Beldon Fund

Build Capacity and Clout

Build Capacity and Clout

Support Civic Engagement

Broaden the Base of Support

Giving More Than Grants


Case Story – Creating a Force for Change: Minnesota Environmental Partnership PDF

Case Story – Learning From a Disappointing Project: An Unsuccessful Effort to Build a Statewide Environmental Advocacy Coalition in Florida PDF

Lessons and Tips – Promoting Collaboration Among Grantees PDF

Lessons and Tips – Developing a State-Based Advocacy Program PDF

"The navigation of coalition work is always a challenge. You can find yourselves on different ends of the debate. But the payoff is worth it. You get great minds at the table, you learn from each other, and you can tap into the different groups' constituents to reach far more people."
- Beldon Grantee

Building the Advocacy Engine

Beldon focused on building the infrastructure for effective environmental advocacy by strengthening organizations and supporting effective coalitions and more sophisticated tools. This strategy helped position advocates to wage successful issue campaigns funded by other donors.

Examples of Results

  • Environmentalists won policy victories in four of Beldon's "key states," including the ratification in Wisconsin, Michigan and Minnesota of the Great Lakes Compact, a long-sought agreement to prevent the diversion of water from the Great Lakes.
  • In Minnesota, it had been common for environmental groups to have over 50 competing policy priorities that received little or no attention.  Once they joined together under the umbrella organization Minnesota Environmental Partnership (MEP), funded by Beldon,  they started setting joint agendas with a limited number of policy demands. After the 2006 elections, MEP was well-positioned to take advantage of new opportunities. In 2007 it presented four policy priorities and won three of them.
  • When public concern over consumer product safety peaked during the 2007 holiday season with reports of lead paint in children's toys, SAFER, a multi-state collaboration created with funding from Beldon and the John Merck Fund, was able to respond quickly. Advocates coordinated state-level efforts that included toy testing, creation of data bases, and communication with the public and media.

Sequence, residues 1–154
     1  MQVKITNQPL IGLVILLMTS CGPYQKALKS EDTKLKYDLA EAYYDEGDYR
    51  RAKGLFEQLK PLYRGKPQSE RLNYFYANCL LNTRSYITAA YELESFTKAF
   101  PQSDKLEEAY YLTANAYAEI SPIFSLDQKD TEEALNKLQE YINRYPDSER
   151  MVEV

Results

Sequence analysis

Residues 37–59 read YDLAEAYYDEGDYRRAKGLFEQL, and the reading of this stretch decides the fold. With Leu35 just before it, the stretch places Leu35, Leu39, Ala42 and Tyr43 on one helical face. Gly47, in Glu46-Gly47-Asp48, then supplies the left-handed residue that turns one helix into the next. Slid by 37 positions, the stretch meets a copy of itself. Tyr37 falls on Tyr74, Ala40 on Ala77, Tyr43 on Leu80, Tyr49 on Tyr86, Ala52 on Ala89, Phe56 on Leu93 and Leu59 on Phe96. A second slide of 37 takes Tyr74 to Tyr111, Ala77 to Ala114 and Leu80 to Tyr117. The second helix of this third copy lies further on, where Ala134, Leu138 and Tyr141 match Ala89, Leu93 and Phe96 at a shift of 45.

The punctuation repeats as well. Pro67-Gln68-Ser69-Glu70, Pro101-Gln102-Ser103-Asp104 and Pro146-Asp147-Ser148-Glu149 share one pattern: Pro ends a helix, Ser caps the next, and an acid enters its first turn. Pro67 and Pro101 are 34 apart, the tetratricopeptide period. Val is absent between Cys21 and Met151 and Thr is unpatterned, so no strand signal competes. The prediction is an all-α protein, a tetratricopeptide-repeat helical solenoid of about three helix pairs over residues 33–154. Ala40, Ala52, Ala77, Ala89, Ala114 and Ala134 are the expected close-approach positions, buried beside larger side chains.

Investing in Collaborative Vehicles

For the most part, collaboration paid off – both with increased clout of the environmental community and concrete policy wins.

State environmental 501(c)(3) collaborations:  Beldon started with a focus on building state environmental collaborations to increase the power and influence of advocates. These vehicles served several functions:

  • Allowed groups to set a common policy agenda with a limited number of policy demands
  • Helped coordinate advocacy activities
  • Facilitated sharing of communication and other resources

State multi-issue 501(c)(3) collaborations: In 2004 Beldon began shifting its focus to invest in broader collaborations that brought environmental groups together with other advocacy organizations (such as labor, social justice, and health) with compatible policy agendas. The cross-sector hubs have a particular focus on coordinating nonpartisan civic engagement activities such as registration of historically disenfranchised communities, strategic identification and outreach to the public and policy makers. But they also have a policy advocacy component, which expanded, with Beldon support, to include environmental issues.

These coalitions:

  • Allowed environmental advocates to learn from and tap into the combined strength of activist allies outside the environmental community
  • Facilitated cost-effective sharing of resources - including data bases and more sophisticated communications tools


One major challenge of funding public policy reform is that many determining factors are beyond the control of advocates. Beldon invested in building much-needed capacity in the field as a way to help grantees weather the bad times and take advantage of policy opportunities when the winds shifted. Building a strong advocacy infrastructure would also complement the funding of issue-specific foundations and leverage Beldon’s grants even further. Beldon could help build the advocacy engine and other funders would provide the fuel for issue-specific campaigns.

What We Did

Capacity building grants: Beldon provided multi-year general support to coalitions and to key organizations that could provide leadership in the field and help anchor and coordinate collaborative efforts. The purpose was to help organizations and coalitions build a solid institutional base that would allow them to conduct more effective advocacy and to make a stronger case to other funders for additional support.